I love Anchorman. I think ‘Ron Burgundy’ is arguably Will Ferrell’s best role. The one-liners, the amazing cast, the marvel moustaches – Ferrell and director Adam McKay’s collaboration on that faux-retro, news saga was…kind of a big deal.
But the projects between Ferrell and McKay didn’t stop with Burgundy; Talladega Nights, Step Brothers, a bunch of online Funny or Die sketches, these two have been inseparable since the lamp-loving magic of Anchorman. But just like milk on a hot day, these recent projects have all been bad choices. I’ll stop with the Anchorman references now.
The Other Guys is the duo’s latest attempt at rekindling the glory days. This effort takes the form of a buddy-cop satire pitting the lovably moronic Ferrell and the irritatingly moronic Mark Wahlberg, against the mean, gold-paved streets of corporate America.
When New York’s usual team of super-cops are out of commission, unlikely replacements Gamble (Ferrell) and Hoitz (Wahlberg) step up to fill the void. Ridiculed by their police peers as screw ups, both men set out on a mission to bring down the bad guys while showing the force they’re a team to be remembered, and not just ‘the other guys’.
And the result? Well, it’s better than the recent batch of Ferrell’s flicks. It’s still no Anchorman, but its jokes hit about as often as they miss, and when measured against the laugh-less Step Brothers, that’s actually a compliment. If you never found Ferrell’s awkward, occasionally loud and unpredictable style of humour, funny, The Other Guys won’t convert you. However, if you saw Old School in university and can’t quite kick your Ferrell habit (ahem), The Other Guys will probably remind you why you liked Ferrell in the first place.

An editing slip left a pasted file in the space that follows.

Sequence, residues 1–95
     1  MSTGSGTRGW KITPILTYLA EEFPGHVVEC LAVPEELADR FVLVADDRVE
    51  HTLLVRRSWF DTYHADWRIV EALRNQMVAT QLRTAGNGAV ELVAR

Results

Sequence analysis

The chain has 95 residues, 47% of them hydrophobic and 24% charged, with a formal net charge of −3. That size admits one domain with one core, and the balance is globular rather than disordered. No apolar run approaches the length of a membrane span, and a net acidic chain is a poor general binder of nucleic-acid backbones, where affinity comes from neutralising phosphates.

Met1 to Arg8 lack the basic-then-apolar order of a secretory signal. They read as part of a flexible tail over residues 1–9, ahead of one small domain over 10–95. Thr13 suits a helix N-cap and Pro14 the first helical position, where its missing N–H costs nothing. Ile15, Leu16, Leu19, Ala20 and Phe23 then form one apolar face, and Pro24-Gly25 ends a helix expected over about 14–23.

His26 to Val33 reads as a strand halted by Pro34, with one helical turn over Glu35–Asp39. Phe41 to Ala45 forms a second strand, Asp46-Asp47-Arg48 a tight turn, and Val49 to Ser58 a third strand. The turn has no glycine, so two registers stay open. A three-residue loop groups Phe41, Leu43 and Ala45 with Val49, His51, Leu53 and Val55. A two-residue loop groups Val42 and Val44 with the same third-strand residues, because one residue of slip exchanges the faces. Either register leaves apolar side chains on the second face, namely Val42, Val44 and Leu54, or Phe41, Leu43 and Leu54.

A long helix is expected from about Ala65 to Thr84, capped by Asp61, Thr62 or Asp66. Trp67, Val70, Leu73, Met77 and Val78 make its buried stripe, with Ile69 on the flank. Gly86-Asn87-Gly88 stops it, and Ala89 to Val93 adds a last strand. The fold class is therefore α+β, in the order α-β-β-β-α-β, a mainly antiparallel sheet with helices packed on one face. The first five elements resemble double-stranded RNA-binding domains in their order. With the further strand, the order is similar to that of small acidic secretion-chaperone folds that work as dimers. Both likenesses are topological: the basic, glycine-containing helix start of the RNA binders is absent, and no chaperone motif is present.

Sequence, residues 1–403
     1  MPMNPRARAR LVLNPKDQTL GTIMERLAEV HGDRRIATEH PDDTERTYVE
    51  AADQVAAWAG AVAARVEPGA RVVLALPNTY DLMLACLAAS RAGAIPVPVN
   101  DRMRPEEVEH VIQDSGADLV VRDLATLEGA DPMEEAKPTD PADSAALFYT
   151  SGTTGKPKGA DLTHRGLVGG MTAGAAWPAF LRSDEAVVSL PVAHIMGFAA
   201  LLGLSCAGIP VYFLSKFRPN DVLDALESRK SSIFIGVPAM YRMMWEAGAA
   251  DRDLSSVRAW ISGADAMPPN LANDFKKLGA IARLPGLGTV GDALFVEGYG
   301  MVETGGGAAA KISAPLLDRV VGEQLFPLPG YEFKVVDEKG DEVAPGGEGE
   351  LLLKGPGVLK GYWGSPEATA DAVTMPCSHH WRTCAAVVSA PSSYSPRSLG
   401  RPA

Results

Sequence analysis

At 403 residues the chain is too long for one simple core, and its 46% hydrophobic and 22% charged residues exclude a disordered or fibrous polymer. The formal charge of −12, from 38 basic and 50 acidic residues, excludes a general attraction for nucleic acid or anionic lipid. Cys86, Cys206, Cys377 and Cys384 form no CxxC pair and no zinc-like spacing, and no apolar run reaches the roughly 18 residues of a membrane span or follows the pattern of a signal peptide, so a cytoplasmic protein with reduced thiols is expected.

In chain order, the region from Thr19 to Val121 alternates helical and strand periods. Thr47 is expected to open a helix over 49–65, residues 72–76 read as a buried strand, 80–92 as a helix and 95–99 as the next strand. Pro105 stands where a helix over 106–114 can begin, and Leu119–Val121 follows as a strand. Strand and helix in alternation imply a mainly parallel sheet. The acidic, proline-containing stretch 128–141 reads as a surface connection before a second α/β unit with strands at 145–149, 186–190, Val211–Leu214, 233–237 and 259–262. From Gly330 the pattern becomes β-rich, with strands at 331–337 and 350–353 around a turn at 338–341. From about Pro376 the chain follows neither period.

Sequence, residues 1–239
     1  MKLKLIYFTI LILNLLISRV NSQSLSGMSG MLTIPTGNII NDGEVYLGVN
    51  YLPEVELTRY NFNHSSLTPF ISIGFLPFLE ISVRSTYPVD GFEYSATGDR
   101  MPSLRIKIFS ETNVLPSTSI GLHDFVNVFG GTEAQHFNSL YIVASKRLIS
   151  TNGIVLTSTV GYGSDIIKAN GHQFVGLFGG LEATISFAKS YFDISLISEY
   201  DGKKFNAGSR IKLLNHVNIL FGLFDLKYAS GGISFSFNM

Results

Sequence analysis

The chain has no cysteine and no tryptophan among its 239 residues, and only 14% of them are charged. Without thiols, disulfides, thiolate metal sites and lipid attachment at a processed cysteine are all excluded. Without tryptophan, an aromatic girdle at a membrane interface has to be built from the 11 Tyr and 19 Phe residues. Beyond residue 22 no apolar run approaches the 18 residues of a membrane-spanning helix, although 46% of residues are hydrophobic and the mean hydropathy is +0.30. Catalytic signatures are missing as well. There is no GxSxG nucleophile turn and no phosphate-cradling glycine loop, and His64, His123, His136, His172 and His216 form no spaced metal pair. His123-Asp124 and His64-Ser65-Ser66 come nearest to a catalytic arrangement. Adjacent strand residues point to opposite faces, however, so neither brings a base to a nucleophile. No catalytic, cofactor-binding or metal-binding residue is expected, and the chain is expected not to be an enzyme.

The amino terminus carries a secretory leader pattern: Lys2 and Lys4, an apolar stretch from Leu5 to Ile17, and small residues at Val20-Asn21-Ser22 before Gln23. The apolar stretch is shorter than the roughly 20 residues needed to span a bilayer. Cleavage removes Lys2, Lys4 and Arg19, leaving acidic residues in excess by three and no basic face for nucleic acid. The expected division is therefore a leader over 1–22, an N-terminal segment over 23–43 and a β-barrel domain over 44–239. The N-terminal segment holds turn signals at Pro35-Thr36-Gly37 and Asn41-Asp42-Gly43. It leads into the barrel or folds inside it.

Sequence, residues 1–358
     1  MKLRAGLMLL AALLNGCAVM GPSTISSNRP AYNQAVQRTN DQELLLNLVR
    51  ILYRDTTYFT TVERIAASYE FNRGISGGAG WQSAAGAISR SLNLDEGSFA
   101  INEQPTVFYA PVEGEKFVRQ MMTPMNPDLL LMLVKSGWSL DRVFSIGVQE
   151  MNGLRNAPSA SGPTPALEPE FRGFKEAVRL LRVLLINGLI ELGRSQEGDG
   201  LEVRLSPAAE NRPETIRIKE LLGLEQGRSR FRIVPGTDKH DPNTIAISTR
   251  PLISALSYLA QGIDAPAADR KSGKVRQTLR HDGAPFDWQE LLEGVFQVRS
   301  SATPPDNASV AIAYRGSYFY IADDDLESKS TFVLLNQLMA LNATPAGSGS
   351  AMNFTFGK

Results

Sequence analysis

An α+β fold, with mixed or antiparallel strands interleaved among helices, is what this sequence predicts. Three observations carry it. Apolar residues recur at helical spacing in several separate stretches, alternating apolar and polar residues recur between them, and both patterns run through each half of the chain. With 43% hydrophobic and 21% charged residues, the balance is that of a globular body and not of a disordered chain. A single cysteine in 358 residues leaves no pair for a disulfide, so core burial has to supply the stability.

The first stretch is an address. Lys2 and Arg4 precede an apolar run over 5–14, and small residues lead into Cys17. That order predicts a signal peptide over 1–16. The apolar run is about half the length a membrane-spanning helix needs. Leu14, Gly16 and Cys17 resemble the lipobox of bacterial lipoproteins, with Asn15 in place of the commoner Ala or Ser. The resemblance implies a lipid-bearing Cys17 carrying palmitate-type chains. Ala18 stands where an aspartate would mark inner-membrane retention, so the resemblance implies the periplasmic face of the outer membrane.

But then there’s Wahlberg’s character. This constantly enraged, tantrum-throwing, child of a character is painfully unfunny, and his perma-Hulk routine gets old by scene two. Great comedy duos usually require a ‘straight man’ to the other person’s bizarre persona, but Wahlberg is just distracting and often ruins Ferrell’s purposely awkward rhythm. This ends up being the film’s biggest weakness.
Still, The Other Guys is a welcome addition to a laugh-free summer and a decent enough entry into Ferrell’s catalogue. It’s not as solid as Ferrell’s early comedies, but when you realize that The Other Guys ate a whole wheel of cheese, you won’t be upset, you’ll actually be impressed. I have no idea what that means.
I love Anchorman.